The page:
B/W Transparency

Discussion in 'Darkroom Developing and Printing' started by Roman J. Rohleder, Jul 19, 2003.

  1. Yes. Foma from the Czech Republic has both a bw slide film named
    Fomapan 100R and a Developing Kit for home processing.

    It is available in Germany through www.fotoimpex.de and in the USA at
    their partner, "J and C", www.fotoimpex.us (if not now, it will be
    available, as the enhance their product portfolio).

    The Foma kit is cheaper than the Kodak stuff.
    You can mix your own kit from scratch. Recipes are available all
    around the net (and in the google archive of this newsgroup) - but use
    the ones with potassium permanganate in the bleaching bath.

    One hint:

    Gruss, Roman
    Roman J. Rohleder, Jul 19, 2003
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  2. Hi, Folks:
    Is there any other B/W transparency in the market other
    than Scala and T-Max Direct Positive Process?

    I tried to process Kodak T-Max CN and Ilford XP2 in
    E-6, and I got amazing result. T-Max CN turn out brownish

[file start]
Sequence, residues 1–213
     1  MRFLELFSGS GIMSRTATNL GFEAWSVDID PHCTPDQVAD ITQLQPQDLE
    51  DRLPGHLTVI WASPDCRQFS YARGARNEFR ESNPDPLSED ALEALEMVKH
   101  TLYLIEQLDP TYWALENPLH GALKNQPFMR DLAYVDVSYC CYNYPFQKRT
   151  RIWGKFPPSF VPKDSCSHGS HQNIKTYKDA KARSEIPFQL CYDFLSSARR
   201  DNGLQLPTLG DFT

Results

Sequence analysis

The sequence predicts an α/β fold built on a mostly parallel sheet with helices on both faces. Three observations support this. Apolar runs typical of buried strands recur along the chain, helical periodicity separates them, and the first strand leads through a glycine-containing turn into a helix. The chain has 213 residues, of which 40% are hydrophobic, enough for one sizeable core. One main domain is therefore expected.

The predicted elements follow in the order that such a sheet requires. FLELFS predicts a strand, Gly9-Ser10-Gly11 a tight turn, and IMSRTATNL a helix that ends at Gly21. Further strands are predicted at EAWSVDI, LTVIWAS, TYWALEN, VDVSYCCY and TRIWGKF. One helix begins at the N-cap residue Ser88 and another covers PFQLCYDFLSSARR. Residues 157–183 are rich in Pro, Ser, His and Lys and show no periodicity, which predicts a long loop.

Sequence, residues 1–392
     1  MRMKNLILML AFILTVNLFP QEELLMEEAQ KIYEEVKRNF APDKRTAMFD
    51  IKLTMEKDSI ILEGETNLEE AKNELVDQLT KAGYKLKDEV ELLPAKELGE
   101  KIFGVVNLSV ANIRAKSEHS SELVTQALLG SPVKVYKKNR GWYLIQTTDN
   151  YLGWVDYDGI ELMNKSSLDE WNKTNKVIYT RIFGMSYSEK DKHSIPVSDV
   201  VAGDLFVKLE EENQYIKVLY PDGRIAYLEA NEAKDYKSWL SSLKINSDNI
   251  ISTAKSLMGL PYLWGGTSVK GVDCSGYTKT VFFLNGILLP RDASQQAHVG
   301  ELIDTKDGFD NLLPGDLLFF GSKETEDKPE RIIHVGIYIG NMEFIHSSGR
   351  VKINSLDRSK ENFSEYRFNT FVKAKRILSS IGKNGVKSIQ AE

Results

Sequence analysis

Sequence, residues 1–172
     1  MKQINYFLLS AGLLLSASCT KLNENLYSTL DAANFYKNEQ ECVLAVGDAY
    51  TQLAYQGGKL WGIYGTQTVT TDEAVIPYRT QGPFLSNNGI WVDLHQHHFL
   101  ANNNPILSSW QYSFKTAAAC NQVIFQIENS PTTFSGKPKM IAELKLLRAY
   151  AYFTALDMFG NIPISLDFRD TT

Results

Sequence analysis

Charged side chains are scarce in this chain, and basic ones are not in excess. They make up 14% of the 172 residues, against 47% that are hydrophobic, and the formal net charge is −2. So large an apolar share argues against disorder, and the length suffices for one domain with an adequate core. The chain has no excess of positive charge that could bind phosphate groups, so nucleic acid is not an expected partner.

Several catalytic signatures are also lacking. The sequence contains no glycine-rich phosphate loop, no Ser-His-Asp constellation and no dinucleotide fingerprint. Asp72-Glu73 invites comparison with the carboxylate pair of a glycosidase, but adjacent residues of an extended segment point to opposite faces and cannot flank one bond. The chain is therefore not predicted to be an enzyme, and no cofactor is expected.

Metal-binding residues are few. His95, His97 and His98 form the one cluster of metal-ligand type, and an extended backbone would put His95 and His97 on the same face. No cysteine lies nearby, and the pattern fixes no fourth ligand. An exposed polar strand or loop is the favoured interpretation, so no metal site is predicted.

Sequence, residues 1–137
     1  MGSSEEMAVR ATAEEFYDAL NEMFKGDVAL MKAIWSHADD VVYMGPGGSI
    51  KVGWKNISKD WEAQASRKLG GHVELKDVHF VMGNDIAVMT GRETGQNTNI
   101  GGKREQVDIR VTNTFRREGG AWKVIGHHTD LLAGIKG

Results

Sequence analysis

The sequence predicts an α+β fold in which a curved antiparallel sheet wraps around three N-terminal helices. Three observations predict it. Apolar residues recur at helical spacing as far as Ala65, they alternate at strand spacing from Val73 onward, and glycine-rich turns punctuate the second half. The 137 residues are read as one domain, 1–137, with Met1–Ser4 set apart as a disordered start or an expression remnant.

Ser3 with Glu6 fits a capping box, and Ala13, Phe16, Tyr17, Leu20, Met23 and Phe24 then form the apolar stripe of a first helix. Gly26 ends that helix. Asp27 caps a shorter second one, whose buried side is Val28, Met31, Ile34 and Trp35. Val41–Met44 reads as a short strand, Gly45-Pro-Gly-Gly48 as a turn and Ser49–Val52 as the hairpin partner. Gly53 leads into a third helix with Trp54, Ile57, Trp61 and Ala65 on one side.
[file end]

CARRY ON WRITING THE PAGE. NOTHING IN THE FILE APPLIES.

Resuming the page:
image, and Ilford XP2 turn out greenish image.

    They looks amazing, but still a bit less than what I want.
    I'm looking for some result like Scala or T-Max Direct
    Positive process.

    Is there process can have similar result but with easy access?

    Thanks a lot for your time and help.

    Dysan C. Tsai
    ·t©Ð±Ð¤÷, Jul 19, 2003
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  3. Jordan Wosnick, Jul 20, 2003
  4. FWIW, Kodak Fine Grain Release Positive has an emulsion
    very similar to graded enlarging paper. Its contrast can be
    varied over a fairly large range by choice of developer and
    time. Its slow enough to be easy to handle. Its processed
    for the most part just the way printing paper is done.
    Reversal processing requires some tuning of the first
    developer to the particular film. The first developer has a
    halide solvent in it, the amount varies with the film.
    One problem is that nearly all 35mm negative films have a
    gray pigment in the support to reduce halation and
    light-piping. Unlike anti-halation dye the pigment is not
    decolorized or come out in processing. This reduces the
    brilliance of transparencies made this way.
    Richard Knoppow, Jul 24, 2003
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